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Ticket touts bid to scupper Labour resale reforms

At a private event, touts reportedly pledged £73k for political lobbying to "fight back" against Sir Keir Starmer's plans for new legislation

By James Hanley on 29 May 2024

Keir Starmer

image © Chris McAndrew

Ticket touts hatched secret plans to sabotage Labour’s bid to cap ticket resale if the party wins the next UK general election, according to a new report.

Footage filmed by the Guardian shows touts and representatives of secondary ticketing platforms such as Viagogo, StubHub and Vivid Seats discussing the proposals at a private event in London, organised by US-based lobby group the Coalition for Ticket Fairness (CTF) and sponsored by Swiss marketplace Gigsberg. Guests paid $240 (€222) each to be in attendance.

At the gathering, touts reportedly pledged £73,000 to hire a “bulletproof” political lobbyist to target MPs after CTF UK president Tony McGowen told guests they could help “guide parliament and to fight back against all the bullshit that a Labour government potentially want to throw at us”.

“We are going to fight parliament, we’re going to fight government,”  he said, “because if we don’t, bottom line is we are all fucked.”

Jason Berger of CTF US added: “It takes a long time to change a law. It’s a lot easier to … stop the law from being written.”

“A Labour government will cap resale prices so fans can see the acts that they love at a fair price”

The event took place in the wake of Labour leader Sir Keir Starmer’s recent vow to restrict the resale of tickets at more than a small, set percentage above face value should his party triumph at July’s general election.

The proposed legislation would also limit the number of tickets individual resellers can list and make platforms accountable for the accuracy of information about tickets they list. In addition, it would ensure watchdog the Competition and Markets Authority (CMA) has the powers to take action against platforms and touts to protect consumers.

“We can’t let access to culture be at the mercy of ticket touts who drive up the prices,” Sir Keir told the Labour Creatives Conference in March. “So a Labour government will cap resale prices so fans can see the acts that they love at a fair price.”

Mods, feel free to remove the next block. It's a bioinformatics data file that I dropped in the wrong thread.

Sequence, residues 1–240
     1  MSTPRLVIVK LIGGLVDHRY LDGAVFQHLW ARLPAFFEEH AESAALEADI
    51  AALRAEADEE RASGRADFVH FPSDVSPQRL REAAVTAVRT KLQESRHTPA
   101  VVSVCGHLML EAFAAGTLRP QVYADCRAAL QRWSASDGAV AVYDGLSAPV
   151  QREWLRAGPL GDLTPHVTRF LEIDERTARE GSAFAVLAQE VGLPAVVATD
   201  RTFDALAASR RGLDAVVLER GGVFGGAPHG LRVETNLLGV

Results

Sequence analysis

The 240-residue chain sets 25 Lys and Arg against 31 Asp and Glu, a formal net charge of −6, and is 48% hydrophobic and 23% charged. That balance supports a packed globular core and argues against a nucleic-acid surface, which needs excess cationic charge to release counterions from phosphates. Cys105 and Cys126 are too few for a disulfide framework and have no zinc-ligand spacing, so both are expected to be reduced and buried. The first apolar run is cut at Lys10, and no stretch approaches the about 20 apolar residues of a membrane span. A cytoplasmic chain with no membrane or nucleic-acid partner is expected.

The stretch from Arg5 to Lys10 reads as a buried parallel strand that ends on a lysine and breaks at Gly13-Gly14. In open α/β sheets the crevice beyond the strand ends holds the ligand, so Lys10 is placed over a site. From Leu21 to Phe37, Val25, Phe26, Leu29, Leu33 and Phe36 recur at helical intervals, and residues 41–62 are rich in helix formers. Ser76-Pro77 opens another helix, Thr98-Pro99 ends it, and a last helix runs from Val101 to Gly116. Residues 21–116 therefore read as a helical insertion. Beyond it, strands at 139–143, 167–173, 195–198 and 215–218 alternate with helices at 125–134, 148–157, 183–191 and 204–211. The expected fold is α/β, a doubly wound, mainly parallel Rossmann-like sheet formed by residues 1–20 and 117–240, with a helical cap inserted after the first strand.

The lobbyist whom the CTF said it had selected told the Guardian they had met with the group over a year ago but would never agree to work for it.

In a statement to the newspaper, the CTF said it was “not currently engaged in any lobbying activities in the UK” and has “no timeline to begin doing so”.

“CTF believes that measures to restrict access to ticketing will create a black market with more transactions driven underground”

“We have not engaged professional support in the manner described and we have no agreement to do so,” it continued. “Like any industry preparing for a potential change in a regulatory environment, we are taking preparatory action which includes bringing the industry together to share insights.

“CTF believes that measures to restrict access to ticketing will create a black market with more transactions driven underground, removing customer security; reduce the availability of tickets to fans; and create further monopolies for vested interests which will see prices driven up for fans.”

A Viagogo spokesperson told the Guardian that two of its executives attended the event for “networking reasons” and said the Swiss-headquartered firm was not funding the CTF. StubHub International and Vivid Seats did not comment, but the latter company is expected to launch in the UK shortly, having incorporated back in March.

A 2022 investigation by ITV News, based on research carried out by campaign group FanFair Alliance (FFA), found that three people were responsible for over two-thirds of UK festival and outdoor event tickets listed by resale platform Viagogo.

Rules to outlaw ticket touting have been adopted in a number of other countries. However, the Conservative government recently rejected fresh legislation that would impact the UK secondary ticketing market. The amendments to the Digital Markets, Competition and Consumers Bill called for requirements to be imposed on resale platforms regarding “proof of purchase, ticket number limits and the provision of information, with the aim of reducing fraud”.

“I have quite happily used Viagogo on many occasions, as other people have when reselling tickets”

Business minister Kevin Hollinrake said: “We believe those provisions are already there,” and admitted to using Viagogo himself in the past.

“I have quite happily used Viagogo on many occasions, as other people have when reselling tickets,” said the Conservative MP. “Of course we will keep looking at the primary and secondary markets, and at the interaction between the two, so that we can develop the right way to regulate the market, in a future parliament.”

The suggested requirements for resale sites were in line with the recommendations made in a 2021 report by the CMA to tighten laws around online ticket touting, which were rejected by the UK government in May last year, with then business secretary Hollinrake saying he was “not convinced” by the need for additional legislative changes.

Earlier this month meanwhile, four people were jailed for using fraudulent tactics to purchase and resell hundreds of tickets at hugely inflated prices for events and concerts such as Ed Sheeran and Lady Gaga. The defendants ran multi-million-pound limited company TQ Tickets, which they used to purchase hundreds of tickets for events and concerts by the likes of Gary Barlow, Liam Gallagher, Paul Weller and Little Mix.

The trial heard the firm sold tickets worth more than £6.5 million (€7.6m) over the course of two-and-a-half years.


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